Sharapova rallies past Flipkens at Key Biscayne

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Maria Sharapova, of Russia, waves after defeating Kirsten Flipkens, of Belgium, 3-6, 6-4, 6-1, at the Sony Open tennis tournament, Monday, March 24, 2014, in Key Biscayne, Fla. (AP Photo/Lynne Sladky)

Maria Sharapova, of Russia, waves after defeating Kirsten Flipkens, of Belgium, 3-6, 6-4, 6-1, at the Sony Open tennis tournament, Monday, March 24, 2014, in Key Biscayne, Fla. (AP Photo/Lynne Sladky)

Maria Sharapova, of Russia, serves to Kirsten Flipkens, of Belgium, at the Sony Open tennis tournament, Monday, March 24, 2014, in Key Biscayne, Fla. (AP Photo/Lynne Sladky)

Maria Sharapova, of Russia, right, shakes hands with Kirsten Flipkens, of Belgium, after winning 3-6, 6-4, 6-1 at the Sony Open tennis tournament, Monday, March 24, 2014, in Key Biscayne, Fla. (AP Photo/Lynne Sladky)

Kirsten Flipkens, of Belgium, returns to Maria Sharapova, of Russia, at the Sony Open tennis tournament, Monday, March 24, 2014, in Key Biscayne, Fla. (AP Photo/Lynne Sladky)

Milos Raonic, of Canada, returns the ball to Guillermo Garcia-Lopez, of Spain, during the Sony Open tennis tournament, Monday, March 24, 2014, in Key Biscayne, Fla. (AP Photo/Luis M. Alvarez)

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KEY BISCAYNE, Fla. (AP) — Maria Sharapova was happy to play an 11 a.m. match Monday, especially when her work day was already done by the time a mid-afternoon shower interrupted play.

“It’s nice to see all the players coming back in the locker room, and I’m like, ‘I’ll see you later,'” she said.

Sharapova started early but didn’t start well. She won only five points in the first four games before settling down to reach the quarterfinals at the Sony Open by beating Kirsten Flipkens 3-6, 6-4, 6-1.

The match was the second consecutive three-setter for Sharapova, a five-time Key Biscayne finalist seeking her first title in the event.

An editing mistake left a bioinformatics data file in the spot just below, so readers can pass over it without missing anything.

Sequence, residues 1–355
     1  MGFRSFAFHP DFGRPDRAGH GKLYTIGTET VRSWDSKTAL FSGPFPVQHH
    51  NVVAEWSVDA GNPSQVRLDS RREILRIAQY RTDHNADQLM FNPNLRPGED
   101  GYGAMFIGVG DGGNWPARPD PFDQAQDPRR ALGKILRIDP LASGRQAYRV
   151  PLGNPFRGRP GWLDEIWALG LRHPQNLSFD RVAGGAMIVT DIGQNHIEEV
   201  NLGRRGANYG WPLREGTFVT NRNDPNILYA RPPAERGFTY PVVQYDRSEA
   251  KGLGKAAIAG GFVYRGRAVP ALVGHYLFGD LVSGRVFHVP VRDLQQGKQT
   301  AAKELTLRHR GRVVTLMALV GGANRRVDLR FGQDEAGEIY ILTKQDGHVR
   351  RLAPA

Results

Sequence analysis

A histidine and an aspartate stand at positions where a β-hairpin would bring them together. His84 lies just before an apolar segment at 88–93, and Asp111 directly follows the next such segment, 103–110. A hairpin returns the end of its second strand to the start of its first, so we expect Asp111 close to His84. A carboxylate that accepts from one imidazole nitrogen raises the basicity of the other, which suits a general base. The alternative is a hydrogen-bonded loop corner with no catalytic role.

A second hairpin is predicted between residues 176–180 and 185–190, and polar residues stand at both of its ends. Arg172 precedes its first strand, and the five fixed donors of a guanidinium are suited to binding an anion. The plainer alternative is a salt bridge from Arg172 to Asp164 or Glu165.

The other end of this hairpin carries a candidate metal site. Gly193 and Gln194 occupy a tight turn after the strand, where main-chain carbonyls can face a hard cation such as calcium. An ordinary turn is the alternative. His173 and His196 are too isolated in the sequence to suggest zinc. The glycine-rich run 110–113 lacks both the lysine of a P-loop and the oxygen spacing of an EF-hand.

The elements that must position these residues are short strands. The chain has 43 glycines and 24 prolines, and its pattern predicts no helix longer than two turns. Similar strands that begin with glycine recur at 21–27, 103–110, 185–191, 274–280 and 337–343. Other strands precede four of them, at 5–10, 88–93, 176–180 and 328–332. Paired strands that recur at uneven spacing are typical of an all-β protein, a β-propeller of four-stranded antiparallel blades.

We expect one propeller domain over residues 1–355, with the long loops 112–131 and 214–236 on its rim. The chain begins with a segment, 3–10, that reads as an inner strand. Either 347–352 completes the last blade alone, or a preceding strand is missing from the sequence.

“I usually like playing the first match, but I didn’t start off the way I wanted to,” Sharapova said. “Nothing was working.”

Seeded No. 4, Sharapova seemed thrown off by the lack of pace from Flipkens, a tour veteran who hits floating backhands and sometimes slices her forehand as well.

“She’s a different type of opponent,” Sharapova said. “There are not too many girls that hit a slice backhand 90 percent of the time in the rallies. But I know what to expect from her game. It shouldn’t be that much of a surprise.”

Sharapova finished with 36 unforced errors and only 13 winners. She also double-faulted 10 times.

But she won — and was ready to leave Crandon Park before most matches had even begun. With the rest of the day free, what was on the schedule for one of the world’s most celebrated athletes?

“Not much, actually,” Sharapova said. “I like to have my afternoon tea around 5. It’s like a Russian tradition. I’ll see my dog, spend some time with him, then get treatment, dinner, and then the day is over.”

At the top of her to-do list for the rest of the week is winning Key Biscayne for the first time. Sharapova has been the runner-up each of the past three years, but she downplays any frustration regarding her many near-misses.

“Of course, you want to be able to hold the winner’s trophy,” she said. “But you also remember the matches that you got through to get in the position to get to the final stage. It’s not like I didn’t have my opportunities in those finals; I just didn’t take them. That’s why you come back and hope for another chance.”

No. 5 Angelique Kerber joined Sharapova in the final eight by beating Ekaterina Makarova 6-4, 1-6, 6-3. In men’s third-round play, No. 12 Milos Raonic defeated Guillermo Garcia-Lopez 6-1, 6-2.

Associated Press

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